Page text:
The Gauss-Faraday law, in the covariant form, reads

$ \epsilon^{\alpha\beta\gamma\delta} F_{\gamma\delta,\alpha} = 0, $

while the vacuum field equation is

$ \partial_\mu F^{\mu\nu} = 0. $

When it comes to quantize the electromagnetic field $A^\mu$, only the field equation is considered (as far as I know). So my question is: does the Gauss-Faraday law play any role in QFT?


The Gauss-Faraday law can be viewed as the integrability condition for the existence of the electro-magnetic $4$-potential $A_{\mu}$ via Poincare Lemma.

Or conversely, assuming a globally defined electro-magnetic $4$-potential $A_{\mu}$, the Gauss-Faraday law is trivially satisfied. See also this related Phys.SE post.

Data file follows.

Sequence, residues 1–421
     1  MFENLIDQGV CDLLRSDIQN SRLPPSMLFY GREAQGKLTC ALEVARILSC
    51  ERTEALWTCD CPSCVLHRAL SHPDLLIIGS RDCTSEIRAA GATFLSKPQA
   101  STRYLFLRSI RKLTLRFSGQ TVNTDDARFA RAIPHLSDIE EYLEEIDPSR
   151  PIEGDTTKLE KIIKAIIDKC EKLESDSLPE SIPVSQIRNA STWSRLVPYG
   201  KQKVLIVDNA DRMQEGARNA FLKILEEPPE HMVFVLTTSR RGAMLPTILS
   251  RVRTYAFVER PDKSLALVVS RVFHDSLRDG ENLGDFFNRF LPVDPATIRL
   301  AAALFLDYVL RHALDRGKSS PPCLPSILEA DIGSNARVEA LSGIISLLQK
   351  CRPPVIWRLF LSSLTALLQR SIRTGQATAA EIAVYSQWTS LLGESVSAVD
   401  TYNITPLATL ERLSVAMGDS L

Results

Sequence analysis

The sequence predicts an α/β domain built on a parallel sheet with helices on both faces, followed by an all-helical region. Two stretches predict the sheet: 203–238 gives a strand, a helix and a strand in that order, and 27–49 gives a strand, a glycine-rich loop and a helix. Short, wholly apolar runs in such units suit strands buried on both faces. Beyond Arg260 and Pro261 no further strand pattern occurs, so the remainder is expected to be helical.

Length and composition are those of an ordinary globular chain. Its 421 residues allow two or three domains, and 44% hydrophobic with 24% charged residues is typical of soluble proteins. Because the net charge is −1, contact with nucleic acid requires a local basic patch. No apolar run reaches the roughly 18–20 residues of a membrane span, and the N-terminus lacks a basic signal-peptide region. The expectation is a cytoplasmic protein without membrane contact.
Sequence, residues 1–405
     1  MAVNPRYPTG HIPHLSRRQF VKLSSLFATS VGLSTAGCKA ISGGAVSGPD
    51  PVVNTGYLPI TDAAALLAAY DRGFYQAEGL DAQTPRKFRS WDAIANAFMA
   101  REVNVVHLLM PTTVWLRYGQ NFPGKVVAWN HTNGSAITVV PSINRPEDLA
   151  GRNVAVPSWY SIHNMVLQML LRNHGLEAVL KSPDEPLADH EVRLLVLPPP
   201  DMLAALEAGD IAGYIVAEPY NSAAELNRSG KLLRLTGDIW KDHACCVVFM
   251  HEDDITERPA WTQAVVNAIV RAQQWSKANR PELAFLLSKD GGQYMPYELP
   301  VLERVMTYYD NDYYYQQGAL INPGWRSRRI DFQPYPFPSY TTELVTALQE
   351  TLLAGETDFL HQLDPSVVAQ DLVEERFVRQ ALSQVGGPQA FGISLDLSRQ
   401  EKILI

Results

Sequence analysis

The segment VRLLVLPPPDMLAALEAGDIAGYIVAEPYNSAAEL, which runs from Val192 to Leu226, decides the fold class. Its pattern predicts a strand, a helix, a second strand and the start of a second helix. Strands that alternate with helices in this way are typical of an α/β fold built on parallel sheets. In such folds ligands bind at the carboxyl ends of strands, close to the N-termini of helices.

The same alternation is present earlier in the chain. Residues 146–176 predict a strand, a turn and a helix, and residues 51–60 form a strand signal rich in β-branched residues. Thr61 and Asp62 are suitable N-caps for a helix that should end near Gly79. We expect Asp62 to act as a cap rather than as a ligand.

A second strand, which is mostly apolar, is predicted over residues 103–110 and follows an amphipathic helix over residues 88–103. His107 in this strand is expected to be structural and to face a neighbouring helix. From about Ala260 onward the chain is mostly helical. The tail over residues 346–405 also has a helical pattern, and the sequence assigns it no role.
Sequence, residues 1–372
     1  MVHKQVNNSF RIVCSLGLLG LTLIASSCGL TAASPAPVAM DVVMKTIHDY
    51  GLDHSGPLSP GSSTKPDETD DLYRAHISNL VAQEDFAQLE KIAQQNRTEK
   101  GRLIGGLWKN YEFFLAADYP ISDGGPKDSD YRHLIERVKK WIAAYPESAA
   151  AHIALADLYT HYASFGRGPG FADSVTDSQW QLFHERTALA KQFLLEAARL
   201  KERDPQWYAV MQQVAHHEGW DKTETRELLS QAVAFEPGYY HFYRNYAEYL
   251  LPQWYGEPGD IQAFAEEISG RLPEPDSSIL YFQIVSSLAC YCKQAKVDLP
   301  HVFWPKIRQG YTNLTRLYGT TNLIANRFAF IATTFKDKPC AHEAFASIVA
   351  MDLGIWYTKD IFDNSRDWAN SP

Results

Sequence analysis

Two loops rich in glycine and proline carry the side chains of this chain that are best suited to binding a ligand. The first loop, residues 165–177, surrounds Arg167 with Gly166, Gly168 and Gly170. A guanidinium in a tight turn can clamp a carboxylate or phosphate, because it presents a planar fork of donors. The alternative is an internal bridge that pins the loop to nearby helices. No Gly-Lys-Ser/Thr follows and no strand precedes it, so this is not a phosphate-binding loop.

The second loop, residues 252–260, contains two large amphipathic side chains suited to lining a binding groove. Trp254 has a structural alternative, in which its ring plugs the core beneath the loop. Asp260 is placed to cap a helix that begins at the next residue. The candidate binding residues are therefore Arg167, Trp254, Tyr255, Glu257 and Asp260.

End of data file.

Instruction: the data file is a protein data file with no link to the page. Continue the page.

So yes, Gauss-Faraday law plays a role already before quantization.

  • $\begingroup$ Correct me if I'm wrong, but mathematically this law is just $$\partial_\mu \star F^{\mu\nu} = 0$$ isn't it? Where $\star F^{\mu\nu}$ is the Hodge dual. Here's an explicit proof that this condition is always satisfied when the EM tensor exists, in case it helps the OP. $\endgroup$ – Philip Aug 1 '17 at 12:06
  • $\begingroup$ $\uparrow$ You are right. $\endgroup$ – Qmechanic Aug 1 '17 at 12:18

The Gauss-Faraday law in the QFT plays essential role, as well as $\partial_{\mu}F^{\mu\nu} = 0$. In fact, this is related to the fact that in the QFT quantum fields represent irreducible representations of the Poincare group, i.e., the particles. The photon is massless particle with helicities 1, -1, therefore it has only two degrees of freedom, and it can be shown that the corresponding field is $F_{\mu\nu}$ satisfyng above two equations.


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